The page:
A recent survey by the Corporate Executive Board (CEB) finds that one-quarter of employer-identified, high-potential leaders plan to leave their company within the year. But employers need not see that statistic — and the flight of top talent — as a foregone conclusion.
The same survey finds that an additional 21 percent of employees today identify themselves as "highly disengaged," a figure which has risen nearly three-fold since 2007. The CEB finds that companies can apply the following tactics to identify, re-engage and more effectively manage high-potential employees:
Published on: Wednesday, June 23, 2010
When the very name of your company is expressed as a verb, there are lofty expectations to meet and a requirement to continually innovate. For Ursula M Burns, CEO of Xerox, the nearly $17 billion company that is issued an average of 10 new patents per day, innovation is essential for business growth and meeting the ever-increasing demands of customers.
Burns, who shared her thoughts on innovating during the World Innovation Forum, says the global economic crisis forced Xerox to cut $1 billion out of its expense base to maintain its competitive edge and reposition.
Published on: Tuesday, June 15, 2010
A Harvard Business Review article cites a lack of talent on a company's management bench as one of the four primary causes of business growth stalls, with one of the root causes found in management development programs that focus only on replicating current leaders' skills.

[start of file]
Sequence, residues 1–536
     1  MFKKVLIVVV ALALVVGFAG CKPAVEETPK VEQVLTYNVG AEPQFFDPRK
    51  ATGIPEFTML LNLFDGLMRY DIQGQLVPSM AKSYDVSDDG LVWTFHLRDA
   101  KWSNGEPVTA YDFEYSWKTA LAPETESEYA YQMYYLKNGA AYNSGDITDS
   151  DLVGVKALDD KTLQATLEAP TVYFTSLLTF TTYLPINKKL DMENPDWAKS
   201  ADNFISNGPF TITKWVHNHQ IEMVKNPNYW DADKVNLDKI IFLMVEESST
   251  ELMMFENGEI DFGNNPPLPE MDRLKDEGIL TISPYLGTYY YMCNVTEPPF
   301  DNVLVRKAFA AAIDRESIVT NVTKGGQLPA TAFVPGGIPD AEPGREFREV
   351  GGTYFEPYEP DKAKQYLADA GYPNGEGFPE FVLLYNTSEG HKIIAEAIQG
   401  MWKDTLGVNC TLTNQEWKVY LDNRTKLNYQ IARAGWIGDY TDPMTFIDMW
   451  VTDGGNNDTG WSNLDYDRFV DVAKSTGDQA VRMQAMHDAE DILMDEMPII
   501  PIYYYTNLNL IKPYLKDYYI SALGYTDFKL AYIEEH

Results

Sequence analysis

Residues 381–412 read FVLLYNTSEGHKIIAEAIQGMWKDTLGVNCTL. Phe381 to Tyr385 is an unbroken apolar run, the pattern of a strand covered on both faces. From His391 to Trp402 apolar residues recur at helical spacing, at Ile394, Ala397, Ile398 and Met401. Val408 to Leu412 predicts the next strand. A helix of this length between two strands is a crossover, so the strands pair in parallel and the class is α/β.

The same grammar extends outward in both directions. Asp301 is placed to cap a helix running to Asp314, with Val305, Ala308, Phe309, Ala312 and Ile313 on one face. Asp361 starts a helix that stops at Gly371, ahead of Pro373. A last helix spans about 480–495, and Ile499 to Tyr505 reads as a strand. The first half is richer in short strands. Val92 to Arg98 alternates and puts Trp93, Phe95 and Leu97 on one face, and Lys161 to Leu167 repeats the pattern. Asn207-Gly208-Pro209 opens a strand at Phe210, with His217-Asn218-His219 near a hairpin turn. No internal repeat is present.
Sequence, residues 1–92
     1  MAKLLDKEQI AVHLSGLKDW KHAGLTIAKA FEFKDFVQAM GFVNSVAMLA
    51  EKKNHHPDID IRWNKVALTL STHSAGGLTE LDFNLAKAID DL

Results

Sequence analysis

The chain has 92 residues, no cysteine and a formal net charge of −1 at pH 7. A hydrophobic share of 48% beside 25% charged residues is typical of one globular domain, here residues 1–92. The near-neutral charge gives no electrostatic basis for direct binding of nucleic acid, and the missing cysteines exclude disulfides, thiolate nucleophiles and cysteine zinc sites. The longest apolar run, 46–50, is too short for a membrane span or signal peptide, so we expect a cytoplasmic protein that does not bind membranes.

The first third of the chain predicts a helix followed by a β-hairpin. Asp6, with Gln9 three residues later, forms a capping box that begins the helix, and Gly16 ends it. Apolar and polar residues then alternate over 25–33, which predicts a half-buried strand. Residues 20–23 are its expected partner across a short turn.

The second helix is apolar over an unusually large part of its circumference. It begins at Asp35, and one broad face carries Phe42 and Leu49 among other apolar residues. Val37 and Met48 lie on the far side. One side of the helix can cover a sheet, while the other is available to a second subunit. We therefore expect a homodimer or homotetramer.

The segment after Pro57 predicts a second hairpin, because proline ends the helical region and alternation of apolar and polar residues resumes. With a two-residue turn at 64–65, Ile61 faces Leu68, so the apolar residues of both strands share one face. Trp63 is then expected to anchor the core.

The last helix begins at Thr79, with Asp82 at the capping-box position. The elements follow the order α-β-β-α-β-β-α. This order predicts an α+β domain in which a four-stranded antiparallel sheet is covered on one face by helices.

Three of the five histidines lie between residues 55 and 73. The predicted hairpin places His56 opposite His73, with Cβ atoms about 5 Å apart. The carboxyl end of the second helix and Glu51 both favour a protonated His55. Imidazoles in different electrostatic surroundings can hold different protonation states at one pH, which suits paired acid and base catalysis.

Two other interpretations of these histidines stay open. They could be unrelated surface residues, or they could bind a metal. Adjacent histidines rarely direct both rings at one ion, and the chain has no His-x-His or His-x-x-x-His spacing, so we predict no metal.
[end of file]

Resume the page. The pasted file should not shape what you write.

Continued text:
More recently, a study conducted by the Corporate Executive Board reveals that 25 percent of employer-identified, high-potential employees plan to leave their current companies within the year, compared to only 10 percent in 2006.
Published on: Friday, June 04, 2010
Just days after ExecuNet research confirmed that US employers were poised to add more executive management jobs than they planned to eliminate in May, a Gallup survey finds that more of the 16,395 US workers it polled are themselves building their teams versus reducing headcount across all levels of the workforce.
In May, ExecuNet research reveals, the number of companies adding new executive roles and "trading up" with new hires for existing management jobs was 28 points higher than the number actively thinning out their management teams.